Obama leads in the polls – but for how much longer?

Despite disappointing new jobs data, the latest polls show current US President Barack Obama pulling ahead of Republican rival Mitt Romney. Is it a turning point in the election campaign? spoke with top prognosticator Dr. Larry Sabato.


With rousing speeches, enthusiastic attendees, and a tone pitched carefully between optimism about the future and criticism of Mitt Romney, the Democrats’ convention in Charlotte, North Carolina, last week was seen as a smashing success.

Then came what many, including Romney himself, referred to as the “hangover”: Friday’s economic report, which revealed that the US added only 96,000 jobs in August, well below predictions and not enough to bring the unemployment rate down significantly.

But despite the disappointing news, polls over the weekend and on Monday showed Obama surging to his biggest lead over Romney in several months. Gallup, the most frequently cited polling agency, had Obama beating his rival 49 percent to 44 percent. CNN had Obama at 52 percent and Romney at 46 percent. Other major surveys reflected a similar trend.

Some analysts are speculating that the race has entered a new phase, in which Obama is the clear frontrunner – regardless of the sluggish economic recovery. contacted Dr. Larry Sabato, professor of Politics at the University of Virginia and the leading predictor of US electoral outcomes, for a bit of perspective.

FRANCE 24: Is Obama’s new lead an indication that Americans have "absorbed" the bad economy and are deciding they prefer Obama to Romney? Or is it just a normal post-convention “bounce”?

Larry Sabato: Historically, this is a small to medium-sized bounce – what nominees often get. The bad economic news is something people have already absorbed; that is, Americans know we have a lousy economy, and those who blame President Obama have already factored that in, to a great degree. The surprise is that Romney didn't get a bounce, not that Obama got a modest one.

F24: What specifically do you think explains the bounce? Some of the convention speeches?

LS: Michelle Obama's speech was quite good, but that's not how or why people vote. If I had to pick one speech, it would be Bill Clinton's. He hasn't lost his touch. Clinton did a much better job than Obama has ever been able to do in explaining why the Democratic alternative is better than the Republican plan. Obama's speech on the last night was average, at best.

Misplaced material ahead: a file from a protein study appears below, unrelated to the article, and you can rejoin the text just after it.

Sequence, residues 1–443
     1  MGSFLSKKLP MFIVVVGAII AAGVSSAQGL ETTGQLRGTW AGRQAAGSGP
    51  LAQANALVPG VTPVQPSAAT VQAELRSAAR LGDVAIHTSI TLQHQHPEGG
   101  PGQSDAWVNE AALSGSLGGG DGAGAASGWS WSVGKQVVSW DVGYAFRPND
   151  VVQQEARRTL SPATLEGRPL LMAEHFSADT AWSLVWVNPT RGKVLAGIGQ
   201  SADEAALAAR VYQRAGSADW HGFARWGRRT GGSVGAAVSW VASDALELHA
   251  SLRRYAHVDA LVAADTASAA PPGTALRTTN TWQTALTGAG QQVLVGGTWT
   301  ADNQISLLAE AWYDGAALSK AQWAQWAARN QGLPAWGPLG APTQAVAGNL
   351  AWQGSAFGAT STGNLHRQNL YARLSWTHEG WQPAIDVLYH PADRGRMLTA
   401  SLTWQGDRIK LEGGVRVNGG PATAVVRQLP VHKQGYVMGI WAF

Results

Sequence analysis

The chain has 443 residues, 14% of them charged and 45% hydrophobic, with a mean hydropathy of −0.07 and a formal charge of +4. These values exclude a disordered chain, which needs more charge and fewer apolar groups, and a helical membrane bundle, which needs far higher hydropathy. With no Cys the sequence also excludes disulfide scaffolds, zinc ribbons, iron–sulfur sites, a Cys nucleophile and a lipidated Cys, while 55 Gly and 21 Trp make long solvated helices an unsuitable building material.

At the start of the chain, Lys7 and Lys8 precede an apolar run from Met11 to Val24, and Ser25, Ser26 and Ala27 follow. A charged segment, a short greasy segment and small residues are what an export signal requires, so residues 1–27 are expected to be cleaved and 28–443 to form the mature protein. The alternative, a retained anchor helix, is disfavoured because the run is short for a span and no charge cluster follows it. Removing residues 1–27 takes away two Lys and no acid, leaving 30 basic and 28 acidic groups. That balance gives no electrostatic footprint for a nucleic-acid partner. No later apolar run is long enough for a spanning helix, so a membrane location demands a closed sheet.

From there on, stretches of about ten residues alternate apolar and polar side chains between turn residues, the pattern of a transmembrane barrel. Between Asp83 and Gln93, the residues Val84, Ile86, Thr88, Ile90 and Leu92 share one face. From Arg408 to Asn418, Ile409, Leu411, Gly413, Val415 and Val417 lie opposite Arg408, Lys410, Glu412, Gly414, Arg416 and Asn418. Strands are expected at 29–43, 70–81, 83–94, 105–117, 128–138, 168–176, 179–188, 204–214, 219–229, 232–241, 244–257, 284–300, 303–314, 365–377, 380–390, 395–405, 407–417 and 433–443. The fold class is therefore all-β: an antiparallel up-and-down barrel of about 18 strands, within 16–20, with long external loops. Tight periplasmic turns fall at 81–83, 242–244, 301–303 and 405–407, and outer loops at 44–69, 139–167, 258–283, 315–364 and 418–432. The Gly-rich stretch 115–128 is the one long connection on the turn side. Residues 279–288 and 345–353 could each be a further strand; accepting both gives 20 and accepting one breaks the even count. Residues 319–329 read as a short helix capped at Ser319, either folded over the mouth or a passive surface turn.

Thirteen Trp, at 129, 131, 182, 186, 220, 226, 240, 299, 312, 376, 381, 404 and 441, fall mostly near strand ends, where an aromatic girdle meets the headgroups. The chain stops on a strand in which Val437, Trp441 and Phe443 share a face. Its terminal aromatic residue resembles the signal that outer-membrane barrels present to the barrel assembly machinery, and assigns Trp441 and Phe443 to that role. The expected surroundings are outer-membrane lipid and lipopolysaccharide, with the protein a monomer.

F24: What are the odds of this bounce turning into a permanent lead in the polls?

LS: Obama has had a paper-thin advantage for months. We'll probably settle back into this later in the campaign. It's unlikely the bounce will last. No one can say for sure, but again, in history, most bounces are not durable. The underlying conditions matter. Americans are unhappy about a bad economy and think the country is seriously off on the wrong track. That should hurt Obama. At the same time, they don't much like Romney. That may save Obama.

F24: How do you explain that even with a weak recovery, and history showing that no incumbent has ever been reelected with such high unemployment, Obama is still ahead?

LS: Most people acknowledge that Obama inherited an awful economy. The fact that Democrats have only been in for four years gives Obama a decent excuse. It may be just enough to get reelected. If Obama were running after Democrats had had the White House for two terms, he'd have very little chance of winning. "Blame Bush" still has a lot of power in the US electorate.

F24: How decisive will the debates be, and what can we expect? Who is the stronger debater?

LS: Mainly, partisans tune in to cheer for their side. Absent a big gaffe, debates are rarely decisive. Just like conventions, debates can produce a temporary bump for a candidate, which fades in a week or so. Notice that the last debate has been placed well before the actual election on November 6. Both sides want a cushion of time in case a gaffe is committed. As for the better debater? Obama is more eloquent, but he was unopposed for the nomination. Romney participated in over 20 debates this year, so he's got a lot of recent experience.

F24: Now, for prognosticating. Who’s going to win in November?

LS: This will be a much closer election than 2008. As always, the burden is on the challenger to get voters to believe he's an acceptable alternative, and that they'll be better off with him, rather than the incumbent president. Voters are disappointed with Obama's performance, but they are hesitant about showing him the door – so far at least.

Our election model shows Obama winning a narrow victory. In 2008, the model showed Obama winning handily, while this time his edge is quite small, and within the standard error of the model. Obama can take nothing for granted, and an upset by Romney cannot be ruled out, depending on events in the next two months.


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